Saturday, September 17, 2022
This post has been a long time coming……. and yes, I’ll bet some of you really thought we were with the fishes….. and we really are! We arrived at the Bonneville Fish Hatchery on August 31, a day earlier than expected. Our friends who had moved from SoCal to Castle Rock had a medical emergency so we were unable to meet with them. Our site at Bonneville was open so we decided to toodle on down there.
Traffic on I-5 was not too bad until we approached Vancouver, WA and then it continued to build. We crossed the might Columbia River into what used to be the lovely city of Portland and headed east on I-84 until reaching the Bonneville Dam and Hatchery turnoff about 40 miles later. Total distance 90 miles.
After setting up our RV down in site #2 (lower site) we met with Hugh the hatchery groundskeeper to find out what’s going on, what kind of help he needs and to pick up our host notebook and keys to the facility. We also met with Mike and Sue, the other hatchery hosts who had a work schedule all laid out for us.
Those of you who have followed our blog know that we have volunteered at this hatchery maybe a half dozen times. We know the ropes but needed to find out what may be new since our last visit three years ago. Mike, Sue and Hugh filled us in and we got some work assignments that will keep us busy for a few weeks.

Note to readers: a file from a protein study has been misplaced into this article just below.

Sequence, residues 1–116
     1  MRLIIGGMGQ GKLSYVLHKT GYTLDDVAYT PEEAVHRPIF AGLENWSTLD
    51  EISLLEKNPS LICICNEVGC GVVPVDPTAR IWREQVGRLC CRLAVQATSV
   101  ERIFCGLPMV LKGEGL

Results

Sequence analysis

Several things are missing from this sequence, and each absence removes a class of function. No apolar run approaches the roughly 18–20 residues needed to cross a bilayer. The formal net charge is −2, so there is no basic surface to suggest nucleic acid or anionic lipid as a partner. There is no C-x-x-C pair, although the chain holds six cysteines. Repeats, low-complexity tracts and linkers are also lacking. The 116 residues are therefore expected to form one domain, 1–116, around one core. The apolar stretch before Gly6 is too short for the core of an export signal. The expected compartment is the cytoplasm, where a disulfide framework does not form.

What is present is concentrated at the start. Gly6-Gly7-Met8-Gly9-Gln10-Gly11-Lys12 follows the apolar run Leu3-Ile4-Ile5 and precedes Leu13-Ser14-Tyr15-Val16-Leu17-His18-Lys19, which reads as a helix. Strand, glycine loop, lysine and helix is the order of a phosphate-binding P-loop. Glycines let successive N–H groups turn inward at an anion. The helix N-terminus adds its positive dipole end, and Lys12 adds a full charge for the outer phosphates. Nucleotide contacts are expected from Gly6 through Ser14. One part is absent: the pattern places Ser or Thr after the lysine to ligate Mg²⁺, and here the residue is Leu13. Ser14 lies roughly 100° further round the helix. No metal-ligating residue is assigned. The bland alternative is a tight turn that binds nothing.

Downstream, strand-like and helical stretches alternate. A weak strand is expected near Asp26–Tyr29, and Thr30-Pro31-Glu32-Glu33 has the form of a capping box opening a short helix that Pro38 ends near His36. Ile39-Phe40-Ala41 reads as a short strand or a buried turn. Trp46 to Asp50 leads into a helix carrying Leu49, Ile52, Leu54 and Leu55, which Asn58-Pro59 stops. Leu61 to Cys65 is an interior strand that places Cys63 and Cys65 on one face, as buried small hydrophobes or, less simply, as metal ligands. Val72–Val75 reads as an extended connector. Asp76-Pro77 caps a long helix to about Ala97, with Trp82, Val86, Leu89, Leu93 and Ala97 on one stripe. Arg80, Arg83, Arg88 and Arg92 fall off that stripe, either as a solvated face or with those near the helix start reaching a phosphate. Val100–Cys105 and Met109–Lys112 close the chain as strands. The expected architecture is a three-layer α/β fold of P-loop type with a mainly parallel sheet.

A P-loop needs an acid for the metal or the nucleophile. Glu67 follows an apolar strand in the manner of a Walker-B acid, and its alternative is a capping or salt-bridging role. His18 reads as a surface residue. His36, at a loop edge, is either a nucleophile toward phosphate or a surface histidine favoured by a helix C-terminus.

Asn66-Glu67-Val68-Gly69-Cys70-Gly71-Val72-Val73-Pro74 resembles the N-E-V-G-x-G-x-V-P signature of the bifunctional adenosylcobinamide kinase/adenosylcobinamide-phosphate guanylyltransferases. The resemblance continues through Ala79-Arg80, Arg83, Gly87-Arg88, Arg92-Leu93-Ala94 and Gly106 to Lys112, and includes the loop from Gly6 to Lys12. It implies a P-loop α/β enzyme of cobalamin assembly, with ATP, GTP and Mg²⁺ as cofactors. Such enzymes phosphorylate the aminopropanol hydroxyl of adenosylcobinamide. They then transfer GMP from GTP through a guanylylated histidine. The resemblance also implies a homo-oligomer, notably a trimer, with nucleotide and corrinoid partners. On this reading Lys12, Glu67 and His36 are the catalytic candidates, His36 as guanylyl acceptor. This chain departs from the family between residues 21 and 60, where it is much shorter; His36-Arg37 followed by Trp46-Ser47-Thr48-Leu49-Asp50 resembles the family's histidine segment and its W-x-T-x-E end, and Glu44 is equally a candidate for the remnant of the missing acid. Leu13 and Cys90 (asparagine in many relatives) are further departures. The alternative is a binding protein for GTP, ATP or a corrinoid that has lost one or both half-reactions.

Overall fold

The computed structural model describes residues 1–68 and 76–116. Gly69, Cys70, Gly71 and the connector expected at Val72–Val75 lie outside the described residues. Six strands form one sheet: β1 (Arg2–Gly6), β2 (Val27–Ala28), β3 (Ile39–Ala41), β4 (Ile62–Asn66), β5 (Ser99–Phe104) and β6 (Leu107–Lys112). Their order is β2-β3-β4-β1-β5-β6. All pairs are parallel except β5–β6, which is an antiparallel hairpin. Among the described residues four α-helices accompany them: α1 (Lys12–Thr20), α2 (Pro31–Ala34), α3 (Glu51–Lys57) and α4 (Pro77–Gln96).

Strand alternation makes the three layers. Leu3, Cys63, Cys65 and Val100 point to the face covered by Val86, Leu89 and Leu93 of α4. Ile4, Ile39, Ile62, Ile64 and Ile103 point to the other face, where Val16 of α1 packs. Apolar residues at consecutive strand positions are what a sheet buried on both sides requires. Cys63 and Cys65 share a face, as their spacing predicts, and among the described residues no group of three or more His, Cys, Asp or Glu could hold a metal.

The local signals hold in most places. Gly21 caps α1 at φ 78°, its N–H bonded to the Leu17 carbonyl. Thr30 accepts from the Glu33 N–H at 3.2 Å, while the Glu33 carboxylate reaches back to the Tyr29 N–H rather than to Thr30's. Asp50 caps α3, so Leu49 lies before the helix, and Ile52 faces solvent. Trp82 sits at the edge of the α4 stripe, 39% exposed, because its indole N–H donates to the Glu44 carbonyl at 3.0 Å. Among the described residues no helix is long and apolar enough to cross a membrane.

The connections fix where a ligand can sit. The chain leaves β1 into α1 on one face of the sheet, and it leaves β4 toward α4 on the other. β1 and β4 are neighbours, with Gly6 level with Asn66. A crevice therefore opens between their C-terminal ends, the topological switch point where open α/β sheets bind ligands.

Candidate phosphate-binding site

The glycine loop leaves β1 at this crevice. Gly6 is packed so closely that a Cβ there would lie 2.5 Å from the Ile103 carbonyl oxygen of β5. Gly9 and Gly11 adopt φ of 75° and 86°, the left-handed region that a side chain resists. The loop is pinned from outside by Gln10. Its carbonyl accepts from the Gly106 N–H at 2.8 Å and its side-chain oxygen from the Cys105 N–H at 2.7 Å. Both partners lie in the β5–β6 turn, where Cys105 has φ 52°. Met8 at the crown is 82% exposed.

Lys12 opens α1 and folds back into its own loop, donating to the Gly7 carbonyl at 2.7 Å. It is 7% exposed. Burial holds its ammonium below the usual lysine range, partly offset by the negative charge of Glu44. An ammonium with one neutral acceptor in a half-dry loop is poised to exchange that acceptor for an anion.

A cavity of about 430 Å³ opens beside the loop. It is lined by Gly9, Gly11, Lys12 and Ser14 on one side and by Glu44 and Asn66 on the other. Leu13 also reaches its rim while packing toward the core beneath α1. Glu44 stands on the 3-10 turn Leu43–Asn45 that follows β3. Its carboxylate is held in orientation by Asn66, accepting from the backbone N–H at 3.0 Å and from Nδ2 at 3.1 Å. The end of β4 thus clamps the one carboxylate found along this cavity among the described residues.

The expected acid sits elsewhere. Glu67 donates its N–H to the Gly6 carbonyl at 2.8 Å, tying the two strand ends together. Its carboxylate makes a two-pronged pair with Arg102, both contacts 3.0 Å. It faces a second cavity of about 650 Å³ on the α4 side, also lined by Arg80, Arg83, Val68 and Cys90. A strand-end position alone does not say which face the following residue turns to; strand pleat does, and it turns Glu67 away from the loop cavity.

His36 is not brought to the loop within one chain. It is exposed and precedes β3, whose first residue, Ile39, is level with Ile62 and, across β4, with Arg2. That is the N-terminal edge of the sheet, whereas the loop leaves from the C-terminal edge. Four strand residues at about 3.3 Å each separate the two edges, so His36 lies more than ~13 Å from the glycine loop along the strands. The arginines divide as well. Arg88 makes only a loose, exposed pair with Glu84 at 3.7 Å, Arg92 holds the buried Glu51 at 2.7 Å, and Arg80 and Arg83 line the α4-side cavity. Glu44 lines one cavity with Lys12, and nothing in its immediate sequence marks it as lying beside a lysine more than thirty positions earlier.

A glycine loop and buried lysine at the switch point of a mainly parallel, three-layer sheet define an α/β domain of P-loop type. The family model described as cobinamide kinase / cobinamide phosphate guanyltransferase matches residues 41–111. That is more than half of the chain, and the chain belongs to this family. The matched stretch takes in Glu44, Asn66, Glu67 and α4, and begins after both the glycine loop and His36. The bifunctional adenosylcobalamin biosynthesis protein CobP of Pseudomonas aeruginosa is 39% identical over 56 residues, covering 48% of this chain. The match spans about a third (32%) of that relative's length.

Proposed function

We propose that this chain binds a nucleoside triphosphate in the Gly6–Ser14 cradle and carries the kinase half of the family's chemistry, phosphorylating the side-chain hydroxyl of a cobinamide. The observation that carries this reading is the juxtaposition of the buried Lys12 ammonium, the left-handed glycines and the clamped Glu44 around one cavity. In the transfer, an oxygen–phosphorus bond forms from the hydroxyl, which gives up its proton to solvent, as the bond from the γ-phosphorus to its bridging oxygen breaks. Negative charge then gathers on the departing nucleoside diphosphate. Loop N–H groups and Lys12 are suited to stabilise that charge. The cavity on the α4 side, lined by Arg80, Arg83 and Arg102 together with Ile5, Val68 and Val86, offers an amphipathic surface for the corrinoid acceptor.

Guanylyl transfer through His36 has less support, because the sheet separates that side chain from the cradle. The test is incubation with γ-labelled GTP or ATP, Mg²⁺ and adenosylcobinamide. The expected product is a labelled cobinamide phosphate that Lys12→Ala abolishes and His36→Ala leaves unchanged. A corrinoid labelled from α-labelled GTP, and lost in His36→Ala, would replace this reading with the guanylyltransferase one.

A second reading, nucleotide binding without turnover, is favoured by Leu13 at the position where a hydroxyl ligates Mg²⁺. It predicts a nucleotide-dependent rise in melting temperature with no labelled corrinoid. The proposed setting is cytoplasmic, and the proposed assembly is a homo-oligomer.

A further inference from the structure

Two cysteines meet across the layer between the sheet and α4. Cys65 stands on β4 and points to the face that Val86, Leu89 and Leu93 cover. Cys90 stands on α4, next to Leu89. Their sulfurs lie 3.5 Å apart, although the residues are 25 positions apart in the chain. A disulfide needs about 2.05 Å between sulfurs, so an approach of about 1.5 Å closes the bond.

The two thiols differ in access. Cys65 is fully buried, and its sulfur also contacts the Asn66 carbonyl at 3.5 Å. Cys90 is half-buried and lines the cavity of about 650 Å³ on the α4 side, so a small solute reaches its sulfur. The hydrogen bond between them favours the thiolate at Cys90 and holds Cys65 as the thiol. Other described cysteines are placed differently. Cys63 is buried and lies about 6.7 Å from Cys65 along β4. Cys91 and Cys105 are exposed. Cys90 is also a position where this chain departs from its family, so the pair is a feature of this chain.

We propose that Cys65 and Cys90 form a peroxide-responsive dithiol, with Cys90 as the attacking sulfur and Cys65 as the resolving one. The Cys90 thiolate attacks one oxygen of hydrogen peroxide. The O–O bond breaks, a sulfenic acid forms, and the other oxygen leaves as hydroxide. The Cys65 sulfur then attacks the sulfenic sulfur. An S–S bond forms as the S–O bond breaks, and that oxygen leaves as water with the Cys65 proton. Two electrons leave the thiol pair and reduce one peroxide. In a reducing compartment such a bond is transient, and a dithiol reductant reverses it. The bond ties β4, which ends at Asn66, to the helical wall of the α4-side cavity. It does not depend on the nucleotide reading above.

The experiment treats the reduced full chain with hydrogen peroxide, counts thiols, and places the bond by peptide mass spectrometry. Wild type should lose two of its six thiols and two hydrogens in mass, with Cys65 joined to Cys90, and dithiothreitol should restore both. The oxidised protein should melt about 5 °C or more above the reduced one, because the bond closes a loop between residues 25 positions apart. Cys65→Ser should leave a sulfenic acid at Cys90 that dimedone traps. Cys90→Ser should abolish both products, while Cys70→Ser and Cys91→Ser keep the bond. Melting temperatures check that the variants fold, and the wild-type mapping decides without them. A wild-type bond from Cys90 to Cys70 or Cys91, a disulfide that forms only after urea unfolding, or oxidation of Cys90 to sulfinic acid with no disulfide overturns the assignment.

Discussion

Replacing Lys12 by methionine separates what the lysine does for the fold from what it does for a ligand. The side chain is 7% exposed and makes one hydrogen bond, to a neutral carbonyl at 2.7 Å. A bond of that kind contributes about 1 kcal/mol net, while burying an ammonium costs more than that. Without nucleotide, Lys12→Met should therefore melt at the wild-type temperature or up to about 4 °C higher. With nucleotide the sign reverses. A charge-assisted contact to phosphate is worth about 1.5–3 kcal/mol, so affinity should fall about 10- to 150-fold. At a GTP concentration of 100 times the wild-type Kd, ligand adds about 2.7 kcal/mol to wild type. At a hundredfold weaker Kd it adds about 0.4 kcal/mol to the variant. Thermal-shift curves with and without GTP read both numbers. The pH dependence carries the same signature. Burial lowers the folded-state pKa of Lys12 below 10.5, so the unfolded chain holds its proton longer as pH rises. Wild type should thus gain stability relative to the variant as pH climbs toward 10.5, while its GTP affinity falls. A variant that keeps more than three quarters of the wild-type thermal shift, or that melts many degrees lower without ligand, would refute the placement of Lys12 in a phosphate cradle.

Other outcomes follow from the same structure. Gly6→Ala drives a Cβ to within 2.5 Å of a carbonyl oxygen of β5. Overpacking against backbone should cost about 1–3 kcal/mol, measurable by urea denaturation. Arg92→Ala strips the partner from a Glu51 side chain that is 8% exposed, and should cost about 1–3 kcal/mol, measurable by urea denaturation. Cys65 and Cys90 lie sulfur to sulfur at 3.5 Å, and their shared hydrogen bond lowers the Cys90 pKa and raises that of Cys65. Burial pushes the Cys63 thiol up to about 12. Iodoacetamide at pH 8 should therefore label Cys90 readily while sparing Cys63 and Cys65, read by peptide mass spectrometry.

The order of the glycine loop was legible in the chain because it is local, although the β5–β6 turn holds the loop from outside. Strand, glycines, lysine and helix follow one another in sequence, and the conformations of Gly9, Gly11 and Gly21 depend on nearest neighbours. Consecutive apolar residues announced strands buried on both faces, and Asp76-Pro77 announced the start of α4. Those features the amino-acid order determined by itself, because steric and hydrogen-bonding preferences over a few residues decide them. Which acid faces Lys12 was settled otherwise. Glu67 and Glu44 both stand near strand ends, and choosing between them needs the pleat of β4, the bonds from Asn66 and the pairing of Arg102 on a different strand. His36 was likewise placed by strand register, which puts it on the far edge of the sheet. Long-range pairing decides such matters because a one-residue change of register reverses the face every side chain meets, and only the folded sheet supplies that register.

A sampling of the hatchery grounds that we are asked to maintain
Bonneville Hatchery raises chinook and coho Salmon. Chinook run three times a year- spring salmon, tule salmon run right now and brights run in late fall. The fall tule salmon run is upon us and its a doozy! One of the “fish guys” has been here for 17 years and he’s never seen so many salmon returning to the hatchery. The salmon are backed up in Tanner Creek all the way to the Columbia River. So far they’ve work the fish almost every weekday beginning in late August and that will continue. Spawning has occurred three times since our arrival.
Salmon come in from the Pacific Ocean, up Columbia River 150 miles to Tanner Creek, then up fish ladder to holding pond in the hatchery
To explain: Working fish means bringing them into the spawning room from manmade ponds and channels. The fish, tule and coho salmon, are “calmed” with an electric current introduced to the basket immersed in water to calm but not harm the fish. They are placed on sorting tables, males going one direction, females another. The females are checked for condition and egg ripeness, the most desirable males and females are sorted by species and placed in a long tube where they slide into their respective “spawning pond”.
Most of the fish can’t be used for spawning as they are too numerous. The excess fish either go to a buyer intended for human consumption, a food bank and sometimes a Native American Tribe will come for their share. The fish that are no longer fit for human consumption go to processors who make animal food out of them. Even though many fish return to the hatchery, very few are wasted.